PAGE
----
Our hospital continues to be accredited by the Joint Commission. In addition, we have received accreditations from the Ohio Health Department for maternity, radiology, digital mammography, nuclear medicine, and our waste stream management system. Those are all voluntary accreditation processes, and our participation proves our commitment to national and statewide health care standards.
In 2007, the hospital created a Value Analysis Team (VAT) and tasked them with finding ways to save the hospital money. Every year since its creation, VAT has identified and implemented over $100,000 of savings. Already in 2010, the team has implemented over $104,000 in cost saving initiatives.
In addition, we have continued to support Madison County through hospital programs and charity care. Unlike any other business, MCH meets the health care needs of the community before considerations about payment. In 2009 MCH provided $5 million in uncompensated care. Our New Beginnings Prenatal Clinic provides moms-to-be with education and care regardless of their financial situation. With the assistance of a grant from the Columbus Affiliate of the Susan G. Komen for a Cure, our Battelle Breast Care Center is offering Breast Care Clinics, which provide mammograms and breast exams at no out-of-pocket cost.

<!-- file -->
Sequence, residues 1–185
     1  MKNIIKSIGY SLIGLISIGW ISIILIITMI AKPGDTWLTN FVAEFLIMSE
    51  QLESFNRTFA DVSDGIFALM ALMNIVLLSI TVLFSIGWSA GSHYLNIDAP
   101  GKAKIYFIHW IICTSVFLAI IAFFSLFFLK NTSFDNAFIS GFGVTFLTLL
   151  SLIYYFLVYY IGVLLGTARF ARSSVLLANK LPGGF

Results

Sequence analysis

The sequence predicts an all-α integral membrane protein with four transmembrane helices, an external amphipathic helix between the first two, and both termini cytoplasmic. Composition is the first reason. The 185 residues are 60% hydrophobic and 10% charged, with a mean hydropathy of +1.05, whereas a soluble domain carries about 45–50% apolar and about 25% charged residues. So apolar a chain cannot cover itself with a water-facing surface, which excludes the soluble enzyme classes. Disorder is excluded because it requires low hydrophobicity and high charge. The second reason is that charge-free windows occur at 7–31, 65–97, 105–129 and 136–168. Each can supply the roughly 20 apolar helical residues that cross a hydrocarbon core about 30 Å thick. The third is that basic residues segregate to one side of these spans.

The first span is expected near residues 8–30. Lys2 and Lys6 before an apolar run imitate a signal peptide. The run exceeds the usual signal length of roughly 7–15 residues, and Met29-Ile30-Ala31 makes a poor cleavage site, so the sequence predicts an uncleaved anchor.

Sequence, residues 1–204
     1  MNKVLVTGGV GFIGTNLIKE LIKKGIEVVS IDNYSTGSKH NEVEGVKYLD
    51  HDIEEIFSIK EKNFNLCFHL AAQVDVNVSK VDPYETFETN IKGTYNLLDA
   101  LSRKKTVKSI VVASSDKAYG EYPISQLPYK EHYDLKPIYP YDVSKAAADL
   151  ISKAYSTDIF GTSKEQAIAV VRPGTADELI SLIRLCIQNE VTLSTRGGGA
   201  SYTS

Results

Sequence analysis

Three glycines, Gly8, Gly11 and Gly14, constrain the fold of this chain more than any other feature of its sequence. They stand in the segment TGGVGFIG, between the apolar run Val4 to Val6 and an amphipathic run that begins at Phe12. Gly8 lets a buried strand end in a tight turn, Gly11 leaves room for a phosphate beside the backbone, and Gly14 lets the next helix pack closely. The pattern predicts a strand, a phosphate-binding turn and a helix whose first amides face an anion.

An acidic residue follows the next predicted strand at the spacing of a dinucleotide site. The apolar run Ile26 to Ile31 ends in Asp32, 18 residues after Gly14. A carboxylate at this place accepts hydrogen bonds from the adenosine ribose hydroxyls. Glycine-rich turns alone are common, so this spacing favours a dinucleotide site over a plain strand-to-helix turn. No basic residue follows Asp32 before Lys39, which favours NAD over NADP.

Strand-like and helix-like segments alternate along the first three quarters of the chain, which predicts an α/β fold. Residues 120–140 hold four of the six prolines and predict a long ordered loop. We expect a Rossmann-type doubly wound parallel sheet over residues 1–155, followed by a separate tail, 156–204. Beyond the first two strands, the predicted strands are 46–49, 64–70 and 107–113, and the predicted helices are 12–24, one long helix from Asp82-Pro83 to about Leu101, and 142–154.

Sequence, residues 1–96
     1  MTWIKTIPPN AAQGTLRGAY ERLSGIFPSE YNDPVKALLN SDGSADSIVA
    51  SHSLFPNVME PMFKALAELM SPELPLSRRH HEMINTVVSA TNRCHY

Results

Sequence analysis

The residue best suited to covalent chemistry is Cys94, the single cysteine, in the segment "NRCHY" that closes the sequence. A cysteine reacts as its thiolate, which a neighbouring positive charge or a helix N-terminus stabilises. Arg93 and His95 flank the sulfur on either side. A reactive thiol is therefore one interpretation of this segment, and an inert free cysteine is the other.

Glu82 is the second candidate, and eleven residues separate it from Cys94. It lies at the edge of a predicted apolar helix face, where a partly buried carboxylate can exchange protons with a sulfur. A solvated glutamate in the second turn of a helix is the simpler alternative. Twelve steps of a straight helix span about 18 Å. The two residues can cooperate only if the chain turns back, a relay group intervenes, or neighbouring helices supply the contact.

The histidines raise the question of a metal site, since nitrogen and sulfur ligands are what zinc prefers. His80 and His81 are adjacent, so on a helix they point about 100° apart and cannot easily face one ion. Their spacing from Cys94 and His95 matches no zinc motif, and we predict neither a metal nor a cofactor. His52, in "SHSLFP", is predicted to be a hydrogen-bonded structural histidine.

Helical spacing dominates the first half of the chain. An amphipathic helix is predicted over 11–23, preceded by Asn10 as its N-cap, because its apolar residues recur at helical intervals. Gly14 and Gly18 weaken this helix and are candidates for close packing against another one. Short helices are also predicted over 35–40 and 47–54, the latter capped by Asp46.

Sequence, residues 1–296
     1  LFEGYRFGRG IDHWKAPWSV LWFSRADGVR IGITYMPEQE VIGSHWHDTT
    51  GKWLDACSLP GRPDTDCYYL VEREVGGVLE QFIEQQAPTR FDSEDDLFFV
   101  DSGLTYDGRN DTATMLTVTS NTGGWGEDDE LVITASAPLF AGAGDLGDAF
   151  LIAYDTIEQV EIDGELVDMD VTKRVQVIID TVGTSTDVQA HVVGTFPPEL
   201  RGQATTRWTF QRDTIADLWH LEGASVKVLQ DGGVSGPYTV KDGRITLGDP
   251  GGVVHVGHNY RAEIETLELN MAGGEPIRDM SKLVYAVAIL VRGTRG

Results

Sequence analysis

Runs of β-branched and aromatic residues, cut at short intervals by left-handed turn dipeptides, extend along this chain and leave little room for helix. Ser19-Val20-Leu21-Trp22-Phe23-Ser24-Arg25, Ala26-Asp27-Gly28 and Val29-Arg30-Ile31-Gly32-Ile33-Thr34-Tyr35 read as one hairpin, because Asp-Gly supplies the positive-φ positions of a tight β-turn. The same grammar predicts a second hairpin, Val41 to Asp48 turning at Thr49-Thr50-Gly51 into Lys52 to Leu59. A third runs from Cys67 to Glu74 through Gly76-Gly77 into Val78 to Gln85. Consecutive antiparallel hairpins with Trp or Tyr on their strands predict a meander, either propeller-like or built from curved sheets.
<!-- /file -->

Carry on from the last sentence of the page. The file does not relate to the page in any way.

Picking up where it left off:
Earlier this year, the MCH Foundation and the hospital collaborated to give the Madison County Health Partners Free Clinic new space in the former Hospice House. While we had been housing the Free Clinic in our Professional Office Building since it opened, we were pleased to provide them this much larger location allowing them to better serve patients. In addition, many of our staff members continue to volunteer their time to help at the Free Clinic and serve on its Board of Directors.
MCH also makes a major economic impact in Madison County. We employ 260 people and spend $12 million in payroll. We provide special services for the business community including health fairs, pre-employment exams, and drug screenings.
In 2009, MCH touched the lives of many Madison County families. During that year, 285 babies were born in our OB Department. Our physicians and specialists performed 1,500 surgeries, and there were 15,220 visits to our Emergency Department.
I am proud of our accomplishments during this time of economic instability. MCH seems to be thriving during the economic downturn while dozens of hospital across the state are struggling. Our bond holders are favorable and use us as an example of success when working with other hospitals. However, we must continue to prepare for the upcoming challenges hospitals face such as health care reform measures, the Governor’s hospital tax, and new technology requirements, including implementing electronic health records.
Thank you to the community for supporting us for almost 50 years. Thank you to our physicians and staff for your dedication to providing quality and compassionate care. It is with your support that we have been able to continue serving Madison County all these years.